Also known as the swap file, the paging file is one of the
most important files on the Windows NT system. Without this file, the system
would still boot, but it would appear to be standing still instead of running.

Think of the paging file as an extension of the computer’s
memory. When several applications run at the same time, more memory is often
necessary than what the computer actually has. When this happens, the operating
system copies the applications that currently aren’t running to a file on the
disk, thereby freeing up memory for running applications.

By default, Windows NT creates this file on the system drive
and names it Pagefile.sys. While you can change the size and location of this
file, you can’t modify its name.

To change the size or location of Pagefile.sys, follow these

  1. Open
    Control Panel, and double-click the System applet.
  2. On the
    Performance tab, click the Change button.
  3. In the
    resulting Virtual Memory dialog box, change the file settings as needed,
    and click OK.

Optimize the paging file

In order to optimize the paging file with total system
performance, you must choose its size and location correctly. While there’s no
universal solution to paging file optimization, you can monitor its usage with either
Task Manager
or Performance

Task Manager displays several memory counters on its Performance
tab. Check to make sure that the three counters under Commit Charge (K) display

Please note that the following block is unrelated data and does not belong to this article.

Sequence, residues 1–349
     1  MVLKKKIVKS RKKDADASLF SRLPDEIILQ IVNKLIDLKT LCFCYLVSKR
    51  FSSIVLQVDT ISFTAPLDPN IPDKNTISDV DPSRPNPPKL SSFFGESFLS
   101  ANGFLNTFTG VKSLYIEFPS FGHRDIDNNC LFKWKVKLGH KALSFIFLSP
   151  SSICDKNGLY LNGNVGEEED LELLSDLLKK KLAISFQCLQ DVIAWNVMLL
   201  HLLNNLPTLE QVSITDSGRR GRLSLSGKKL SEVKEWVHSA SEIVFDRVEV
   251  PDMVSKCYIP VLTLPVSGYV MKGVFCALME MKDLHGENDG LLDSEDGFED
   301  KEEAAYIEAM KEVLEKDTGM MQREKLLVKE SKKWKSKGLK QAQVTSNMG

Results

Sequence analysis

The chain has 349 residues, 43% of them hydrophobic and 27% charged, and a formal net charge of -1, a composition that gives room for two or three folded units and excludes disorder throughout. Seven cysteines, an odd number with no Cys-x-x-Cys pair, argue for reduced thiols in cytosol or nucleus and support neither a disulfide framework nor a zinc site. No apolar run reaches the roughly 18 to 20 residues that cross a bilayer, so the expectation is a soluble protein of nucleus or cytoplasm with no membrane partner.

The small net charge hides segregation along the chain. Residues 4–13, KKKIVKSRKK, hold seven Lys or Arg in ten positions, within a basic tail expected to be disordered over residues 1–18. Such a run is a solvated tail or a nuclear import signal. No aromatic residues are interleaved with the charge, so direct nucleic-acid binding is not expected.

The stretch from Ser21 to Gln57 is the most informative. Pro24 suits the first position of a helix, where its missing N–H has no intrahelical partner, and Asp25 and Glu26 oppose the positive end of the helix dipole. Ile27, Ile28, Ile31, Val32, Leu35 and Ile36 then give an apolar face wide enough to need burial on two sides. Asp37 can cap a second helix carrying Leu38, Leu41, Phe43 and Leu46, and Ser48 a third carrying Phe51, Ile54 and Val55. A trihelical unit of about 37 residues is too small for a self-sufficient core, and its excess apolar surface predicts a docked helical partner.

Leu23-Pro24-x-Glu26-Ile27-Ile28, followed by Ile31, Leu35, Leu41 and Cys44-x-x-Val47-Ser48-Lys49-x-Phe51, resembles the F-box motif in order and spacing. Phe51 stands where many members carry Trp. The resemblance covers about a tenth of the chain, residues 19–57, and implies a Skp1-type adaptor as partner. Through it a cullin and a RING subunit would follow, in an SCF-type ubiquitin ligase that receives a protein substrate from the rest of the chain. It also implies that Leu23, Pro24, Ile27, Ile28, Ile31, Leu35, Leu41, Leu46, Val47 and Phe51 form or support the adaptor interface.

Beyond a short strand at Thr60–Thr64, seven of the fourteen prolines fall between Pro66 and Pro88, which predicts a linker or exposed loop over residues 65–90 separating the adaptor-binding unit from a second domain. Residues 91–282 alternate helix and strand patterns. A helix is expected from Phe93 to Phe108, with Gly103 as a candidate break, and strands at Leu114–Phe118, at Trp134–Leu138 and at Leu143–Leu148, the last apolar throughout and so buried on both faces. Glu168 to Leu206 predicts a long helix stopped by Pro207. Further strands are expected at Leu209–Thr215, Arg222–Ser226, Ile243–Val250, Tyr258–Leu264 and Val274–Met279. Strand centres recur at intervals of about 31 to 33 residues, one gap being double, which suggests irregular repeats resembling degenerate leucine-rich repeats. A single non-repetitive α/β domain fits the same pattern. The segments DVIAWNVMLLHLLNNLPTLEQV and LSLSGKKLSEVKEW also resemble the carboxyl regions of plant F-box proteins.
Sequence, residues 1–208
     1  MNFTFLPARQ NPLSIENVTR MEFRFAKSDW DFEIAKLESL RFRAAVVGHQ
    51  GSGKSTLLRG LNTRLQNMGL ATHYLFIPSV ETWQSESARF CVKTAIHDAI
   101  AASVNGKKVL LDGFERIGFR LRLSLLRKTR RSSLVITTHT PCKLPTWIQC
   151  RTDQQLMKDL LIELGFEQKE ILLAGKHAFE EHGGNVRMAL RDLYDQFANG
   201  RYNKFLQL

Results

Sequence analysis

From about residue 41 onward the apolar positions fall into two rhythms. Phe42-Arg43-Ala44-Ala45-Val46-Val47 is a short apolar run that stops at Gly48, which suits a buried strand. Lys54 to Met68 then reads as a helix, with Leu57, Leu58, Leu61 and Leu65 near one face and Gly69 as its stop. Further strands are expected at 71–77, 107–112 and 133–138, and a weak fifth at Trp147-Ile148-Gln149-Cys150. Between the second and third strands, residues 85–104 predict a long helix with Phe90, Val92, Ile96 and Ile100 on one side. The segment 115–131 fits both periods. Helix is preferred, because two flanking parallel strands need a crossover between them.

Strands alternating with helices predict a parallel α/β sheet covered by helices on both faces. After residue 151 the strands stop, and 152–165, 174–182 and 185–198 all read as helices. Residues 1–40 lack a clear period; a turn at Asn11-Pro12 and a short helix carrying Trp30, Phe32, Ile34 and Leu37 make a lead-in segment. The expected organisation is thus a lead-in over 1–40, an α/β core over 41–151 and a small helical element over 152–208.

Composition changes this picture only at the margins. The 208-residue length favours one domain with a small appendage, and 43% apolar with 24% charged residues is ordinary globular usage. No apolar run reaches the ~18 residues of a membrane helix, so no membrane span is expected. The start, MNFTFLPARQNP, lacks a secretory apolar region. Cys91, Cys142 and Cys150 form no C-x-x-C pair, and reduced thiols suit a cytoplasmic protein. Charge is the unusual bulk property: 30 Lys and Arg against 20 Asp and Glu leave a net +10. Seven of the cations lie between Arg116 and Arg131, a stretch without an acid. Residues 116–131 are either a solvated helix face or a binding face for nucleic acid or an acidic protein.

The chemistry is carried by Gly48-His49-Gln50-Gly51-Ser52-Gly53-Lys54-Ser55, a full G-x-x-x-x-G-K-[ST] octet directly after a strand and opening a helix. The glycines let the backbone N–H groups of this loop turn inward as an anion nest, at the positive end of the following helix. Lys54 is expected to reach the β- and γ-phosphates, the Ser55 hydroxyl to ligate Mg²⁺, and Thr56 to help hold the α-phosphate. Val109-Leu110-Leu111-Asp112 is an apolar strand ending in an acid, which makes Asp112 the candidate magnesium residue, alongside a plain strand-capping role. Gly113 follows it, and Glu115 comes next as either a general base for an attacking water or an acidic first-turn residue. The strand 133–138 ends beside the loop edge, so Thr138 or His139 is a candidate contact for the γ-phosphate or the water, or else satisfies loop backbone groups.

the total amount of memory available to your programs (which is actually the RAM
plus the paging file).

To find out how much memory your applications are using,
look at the Peak counter. The rule of thumb is not to let the Peak get close to
Limit. When it does, an error message will pop up, and you’ll have to enlarge
the paging file and/or add more RAM.

Using Performance Monitor, you can keep an eye on the paging
file’s % Usage and Usage Peak (bytes) counters, listed under the Paging File
object. The first counter displays the current usage in percentages, and the
second displays the peak usage over a given period of time.

While both utilities show you how your system is using the
paging file, Task Manager is the simpler of the two. However, Performance
Monitor’s advantage is that you can log its counters in a file, determine how
usage is increasing, and make some predictions for the future.

Optimize the file’s placement

The placement of the paging file is also an important
decision. A properly placed paging file can give your computer a performance

It’s also possible to have more than one Pagefile.sys. If a
computer has several hard drives, you can create additional paging files. In
fact, you can place a paging file on each partition.

However, depending on your system’s setup, this can have
either good or bad side effects. For optimal performance, it’s best to have
three fast hard drives—one to hold the operating system files and the other two
for paging files.

Here are some best practices for paging file placement:

  • If your
    system has two hard drives, place Pagefile.sys on the disk that doesn’t
    contain the Windows NT files.
  • If your
    system had more than two hard drives, place paging files on all disks,
    except the one that stores Windows NT system files. Windows NT will use
    load-balancing between all of the paging files.
  • If your
    system has several hard drives with unequal performance, place
    Pagefile.sys on the fastest hard drive.
  • If your
    system has only one hard drive with several partitions, place Pagefile.sys
    on only one partition. If you place it on several partitions, the
    performance of your computer will suffer.